Conditions are ripe for the oldest millennial in our family to continue to hunt.
Our son, Zach, is at an age (29) where he has transitioned through many life stages — secondary schooling, new career, marriage and a child. You might think the demands of these stages compete for his limited time and resources, but actually, they don’t.
These transitions have presented opportunities for tradition and family history within the lifestyle of hunting to emerge and be fostered.
You see, Zach is among the millennial generation, also known as Generation Y or those born in the 1980s to the early 2000s. They currently total more than 80 million in the U.S., are the largest group of Americans alive today, and are said to be the largest cohort or group in history.
Nevertheless, what’s interesting, is that hunting participation remains relatively low within this massive population, only about 5 percent, according to a study published by the National Shooting Sports Foundation.
There is hope, however.
As we in the conservation business work to recruit the next generation of hunters and anglers, we must not forget about targeting food-conscious millennials who want to know where the steak they’re grilling originated.
Many of these millennials didn’t grow up in a traditional hunting or fishing household or didn’t have the time to devote to hunting, but the idea of eating meat they harvested themselves now appeals to them. In fact, survey research shows that American hunters in the millennial age bracket most often name the meat as their most important reason for hunting, and that the percentage of those hunters who hunt mainly for the meat continues to grow. Not only is that now the top incentive but, over the last decade, the proportion of overall hunters gunning for meat has almost doubled, notes Responsive Management, a Virginia-based public opinion survey research firm that focuses on outdoor recreation issues.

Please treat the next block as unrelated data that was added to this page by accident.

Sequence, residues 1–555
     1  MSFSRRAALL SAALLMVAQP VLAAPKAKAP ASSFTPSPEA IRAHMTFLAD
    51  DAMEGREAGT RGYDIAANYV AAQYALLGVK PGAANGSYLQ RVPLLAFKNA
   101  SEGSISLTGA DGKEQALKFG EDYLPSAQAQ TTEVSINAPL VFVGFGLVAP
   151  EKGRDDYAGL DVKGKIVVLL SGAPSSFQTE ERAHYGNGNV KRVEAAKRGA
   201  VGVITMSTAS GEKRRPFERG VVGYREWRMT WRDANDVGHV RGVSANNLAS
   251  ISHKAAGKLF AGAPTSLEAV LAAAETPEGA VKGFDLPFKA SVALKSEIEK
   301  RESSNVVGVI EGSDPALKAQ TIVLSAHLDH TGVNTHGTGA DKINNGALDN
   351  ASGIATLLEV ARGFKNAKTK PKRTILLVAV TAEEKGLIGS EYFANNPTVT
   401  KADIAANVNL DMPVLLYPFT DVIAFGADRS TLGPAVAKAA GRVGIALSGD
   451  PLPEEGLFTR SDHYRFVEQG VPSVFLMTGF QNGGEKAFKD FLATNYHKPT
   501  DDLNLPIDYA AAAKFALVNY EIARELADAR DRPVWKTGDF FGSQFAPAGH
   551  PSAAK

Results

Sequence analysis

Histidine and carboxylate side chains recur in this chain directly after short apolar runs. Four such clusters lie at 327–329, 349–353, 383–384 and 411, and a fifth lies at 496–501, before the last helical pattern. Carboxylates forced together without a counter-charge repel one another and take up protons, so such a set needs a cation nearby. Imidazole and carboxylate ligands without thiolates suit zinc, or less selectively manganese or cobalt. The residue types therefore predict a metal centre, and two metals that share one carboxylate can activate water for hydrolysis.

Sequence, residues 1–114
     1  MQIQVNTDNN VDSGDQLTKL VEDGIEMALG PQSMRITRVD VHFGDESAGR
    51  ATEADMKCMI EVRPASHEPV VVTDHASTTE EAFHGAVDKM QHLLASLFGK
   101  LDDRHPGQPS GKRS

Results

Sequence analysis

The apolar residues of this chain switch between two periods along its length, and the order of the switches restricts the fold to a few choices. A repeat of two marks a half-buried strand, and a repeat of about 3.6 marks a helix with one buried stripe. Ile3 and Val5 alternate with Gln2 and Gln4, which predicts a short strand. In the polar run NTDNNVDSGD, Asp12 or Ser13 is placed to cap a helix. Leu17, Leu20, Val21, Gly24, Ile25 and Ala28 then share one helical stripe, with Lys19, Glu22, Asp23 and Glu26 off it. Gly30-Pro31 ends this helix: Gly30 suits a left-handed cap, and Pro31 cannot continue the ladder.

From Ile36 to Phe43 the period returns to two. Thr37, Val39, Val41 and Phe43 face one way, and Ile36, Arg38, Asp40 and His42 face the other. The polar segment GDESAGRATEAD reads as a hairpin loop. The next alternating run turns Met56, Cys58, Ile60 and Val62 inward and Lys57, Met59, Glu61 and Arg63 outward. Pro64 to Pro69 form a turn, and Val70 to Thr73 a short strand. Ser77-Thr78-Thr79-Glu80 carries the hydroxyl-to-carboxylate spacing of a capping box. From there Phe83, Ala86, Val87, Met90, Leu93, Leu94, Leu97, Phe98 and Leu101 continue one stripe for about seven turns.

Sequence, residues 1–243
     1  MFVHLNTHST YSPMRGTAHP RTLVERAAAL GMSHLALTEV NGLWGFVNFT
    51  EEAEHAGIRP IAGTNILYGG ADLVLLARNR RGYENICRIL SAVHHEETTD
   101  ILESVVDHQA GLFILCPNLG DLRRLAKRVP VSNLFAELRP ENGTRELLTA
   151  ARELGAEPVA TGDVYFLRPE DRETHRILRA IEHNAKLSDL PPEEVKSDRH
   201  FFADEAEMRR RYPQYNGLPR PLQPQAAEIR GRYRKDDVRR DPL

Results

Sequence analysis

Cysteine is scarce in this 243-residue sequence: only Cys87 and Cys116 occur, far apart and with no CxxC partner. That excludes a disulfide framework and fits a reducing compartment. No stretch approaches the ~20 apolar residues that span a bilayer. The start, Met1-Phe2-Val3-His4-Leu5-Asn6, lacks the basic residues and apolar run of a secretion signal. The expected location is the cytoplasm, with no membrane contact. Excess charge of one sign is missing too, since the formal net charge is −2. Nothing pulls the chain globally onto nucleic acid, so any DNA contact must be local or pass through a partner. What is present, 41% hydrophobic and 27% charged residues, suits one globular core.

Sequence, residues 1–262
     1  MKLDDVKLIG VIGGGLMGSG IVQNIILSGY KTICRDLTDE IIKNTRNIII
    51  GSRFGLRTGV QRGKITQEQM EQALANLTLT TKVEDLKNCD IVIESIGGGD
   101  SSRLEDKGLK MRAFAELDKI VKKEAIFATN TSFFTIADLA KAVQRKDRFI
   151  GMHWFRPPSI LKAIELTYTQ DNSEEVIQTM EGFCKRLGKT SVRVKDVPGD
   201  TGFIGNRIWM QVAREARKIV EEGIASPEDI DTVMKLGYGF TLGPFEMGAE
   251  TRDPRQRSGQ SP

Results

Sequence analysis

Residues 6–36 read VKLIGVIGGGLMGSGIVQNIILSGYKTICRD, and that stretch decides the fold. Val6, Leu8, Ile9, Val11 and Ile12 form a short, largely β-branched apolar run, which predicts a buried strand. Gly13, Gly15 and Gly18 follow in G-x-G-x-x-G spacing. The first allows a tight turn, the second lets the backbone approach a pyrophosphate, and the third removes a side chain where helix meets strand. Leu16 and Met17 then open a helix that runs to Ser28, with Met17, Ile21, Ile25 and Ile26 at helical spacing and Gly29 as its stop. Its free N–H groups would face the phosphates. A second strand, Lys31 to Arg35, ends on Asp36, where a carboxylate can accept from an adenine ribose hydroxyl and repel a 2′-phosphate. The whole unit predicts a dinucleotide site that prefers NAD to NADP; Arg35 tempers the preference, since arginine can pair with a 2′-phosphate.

In no small measure, this new interest in hunting can be tied to the “locavore” movement.
These new hunters, often from the millennial generation and from urban and suburban backgrounds, want their food to be locally sourced. They want it to be tied to the land, have more of a direct hand in acquiring it, and they want it to be free of chemicals and human-made hormones. In the case of meat, they also want the animals to be free ranging.
Even Facebook founder Mark Zuckerberg revealed his love for hunting, the outdoors and BBQs in a viral Facebook Live video from his own backyard. He said meat tastes “doubly better when you’ve hunted the animal yourself.”
He explained: “Whether you’re fishing for salmon or going hunting for a boar, that’s a big part of it. You feel more connected to what you’re doing and what you’re eating. You cook it yourself and it’s this whole experience.”
Take my son, Zach.
He is all about food, good food, wholesome food. He wants to know where it comes from, how fresh it is, and what’s been done to it, if anything. Zach, a foodie and historian, really enjoys cooking and was interested in hunting the woods of our family’s ancestral farm.
So, for him, spring wild turkey hunting on that family farm was a natural fit.
But, someone needed to take him, mentor him on the hunt.
That’s where I, dad, the longtime turkey hunter, enter the picture.
Without mentors to teach tactics, ethics, safety and ecology, and instill confidence, young adults have a tendency to skip hunting altogether.
Most of us who passionately enjoy the pursuit of wild game and fish all have one thing in common. We had someone, a responsible adult such as a dad, uncle or grandpa, who introduced and repetitively took us into that world. We didn’t get into hunting by osmosis or decree. It took that avid adult hunter who had the desire, time and patience to take us afield.
You may recall that last spring, I wrote a blog about taking Zach out hunting on his first-ever spring wild turkey trip in Nebraska where he had success!
Well, this spring, we ventured out on his second spring turkey hunt to the farm.
Success was experienced once again! Zach harvested not one, but two male wild turkeys!
If you are an existing hunter, I want you to ask yourself this: Are there any millennial-aged individuals in your family or friend network who are in search of local, wild, free-ranging meats and are willing to look into the possibility of going hunting for it?
Happy hunting, cooking (and eating) with the millennial in your family!